More bad news in Portugal today: another 63 deaths registered as caused by Covid-19, with 4,906 new cases of infection flagged by the country’s mass testing regime.
But good news is starting to filter through that US drug company Pfizer in collaboration with Germany’s BioNTech may have come up with a vaccine.
Reports suggest ‘early results from a massive clinical trial suggest nine out of 10 people who get their jab and protected by it”.
British media is already running with stories that the UK has pre-ordered 10 million doses to be in circulation by Christmas ‘if the drug wins approval’.
Experts are predicting “we could be back to normal by the spring”.
Which may see the world’s media step back from the frenetic conveyor belt of apocalyptic ‘news’ and even more dire ‘forecasts’.
For now, Portugal’s media is proclaiming another “record” tally of deaths – never, it has to be said, reminding readers that every day an average of 250-300 deaths are recorded in this country (and we don’t get 24-hour bulletins on any of them).
Of course ‘any death is to be lamented’. But looking at the bigger picture, the world may at last be starting to emerge from Covid chaos and all the heartache it entails.
Presenting Portugal’s latest picture today, DGS health director Graça Freitas said, if the Pfizer vaccines effectiveness is confirmed “it will be one of the best vaccines we have”.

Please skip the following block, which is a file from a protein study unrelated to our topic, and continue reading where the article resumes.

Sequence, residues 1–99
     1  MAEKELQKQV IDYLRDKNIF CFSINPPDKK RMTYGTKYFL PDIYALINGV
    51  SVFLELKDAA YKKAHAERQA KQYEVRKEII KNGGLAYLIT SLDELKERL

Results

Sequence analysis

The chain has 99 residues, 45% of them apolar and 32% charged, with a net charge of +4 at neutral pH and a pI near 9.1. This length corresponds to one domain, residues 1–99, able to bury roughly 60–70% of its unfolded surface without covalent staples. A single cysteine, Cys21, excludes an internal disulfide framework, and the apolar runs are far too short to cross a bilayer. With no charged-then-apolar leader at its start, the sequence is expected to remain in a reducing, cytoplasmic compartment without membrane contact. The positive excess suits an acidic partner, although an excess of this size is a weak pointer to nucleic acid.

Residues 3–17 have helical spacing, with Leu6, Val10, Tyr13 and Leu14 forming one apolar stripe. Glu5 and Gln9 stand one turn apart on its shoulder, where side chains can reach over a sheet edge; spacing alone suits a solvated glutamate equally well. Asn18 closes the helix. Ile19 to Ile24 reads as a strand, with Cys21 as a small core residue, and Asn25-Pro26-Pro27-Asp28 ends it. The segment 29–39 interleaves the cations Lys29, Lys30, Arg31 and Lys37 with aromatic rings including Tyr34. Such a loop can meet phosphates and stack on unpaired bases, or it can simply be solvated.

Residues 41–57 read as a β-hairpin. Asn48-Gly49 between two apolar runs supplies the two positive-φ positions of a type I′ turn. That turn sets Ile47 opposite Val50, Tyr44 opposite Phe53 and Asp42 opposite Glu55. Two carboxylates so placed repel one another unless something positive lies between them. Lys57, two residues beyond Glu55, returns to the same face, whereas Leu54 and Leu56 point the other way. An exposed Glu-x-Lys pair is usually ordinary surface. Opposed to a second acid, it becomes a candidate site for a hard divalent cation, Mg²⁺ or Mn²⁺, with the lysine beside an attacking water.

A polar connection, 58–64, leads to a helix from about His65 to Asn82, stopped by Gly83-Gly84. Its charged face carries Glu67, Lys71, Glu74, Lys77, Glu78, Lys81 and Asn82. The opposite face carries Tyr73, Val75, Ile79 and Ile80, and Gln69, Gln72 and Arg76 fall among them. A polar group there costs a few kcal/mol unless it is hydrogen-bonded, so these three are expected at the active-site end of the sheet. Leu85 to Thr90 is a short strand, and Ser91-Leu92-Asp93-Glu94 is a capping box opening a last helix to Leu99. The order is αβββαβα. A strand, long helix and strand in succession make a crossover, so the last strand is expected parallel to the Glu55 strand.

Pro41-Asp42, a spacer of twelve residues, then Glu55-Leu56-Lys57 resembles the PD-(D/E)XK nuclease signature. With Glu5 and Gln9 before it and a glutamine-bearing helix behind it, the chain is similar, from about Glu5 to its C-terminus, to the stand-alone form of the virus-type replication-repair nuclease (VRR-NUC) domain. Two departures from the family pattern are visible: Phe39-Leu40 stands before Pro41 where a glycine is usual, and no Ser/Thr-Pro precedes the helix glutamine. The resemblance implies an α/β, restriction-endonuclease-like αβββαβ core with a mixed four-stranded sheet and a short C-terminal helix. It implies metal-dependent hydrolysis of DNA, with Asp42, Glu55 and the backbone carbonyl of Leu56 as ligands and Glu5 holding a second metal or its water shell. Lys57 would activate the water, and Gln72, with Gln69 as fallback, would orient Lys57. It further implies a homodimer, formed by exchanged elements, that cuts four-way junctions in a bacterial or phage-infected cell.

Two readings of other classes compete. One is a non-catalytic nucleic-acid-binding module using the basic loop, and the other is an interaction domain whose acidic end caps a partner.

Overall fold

Portugal, like the UK, has been to an extent pinning its hopes on Pfizer. It’s one of the vaccines that “Portugal has been planning to acquire”, she confirmed.
Regarding today’s grim national picture, hospital admissions have leapt by another 129 patients since Sunday’s bulletin.
In the last 24-hours there have been 13 more patients moved to ICUs, bringing the numbers there up to 391.
New infections are, as before, ‘concentrated in the north’ (recording 2,265 new cases), with 1,217 in the Lisbon/ Vale do Tejo areas, 379 in the centre, 148 in the Alentejo, 60 in the Algarve, 16 in the Azores and 11 in Madeira.
Deaths too were mostly in the north (33), 22 in Lisbon/ Vale do Tejo, five in the centre, one each in the Alentejo, Algarve and Madeira.
This latter death was Madeira’s second in the whole period of the pandemic. Again, what is never explained in the charts are the ages of the victims. The death in Madeira was of a 94-year-old man – a Portuguese national whose impressive longevity exceeded the national average for life expectancy by more well over a decade.
In spite of the ‘positivity’ in the air globally today, Portugal’s ‘guiding light’ during the pandemic, Graça Freitas, is keeping her feet on the ground. It is not for her to predict the future, she told journalists today. “We have to continue monitoring this epidemic. The facts have the gravity that we know”.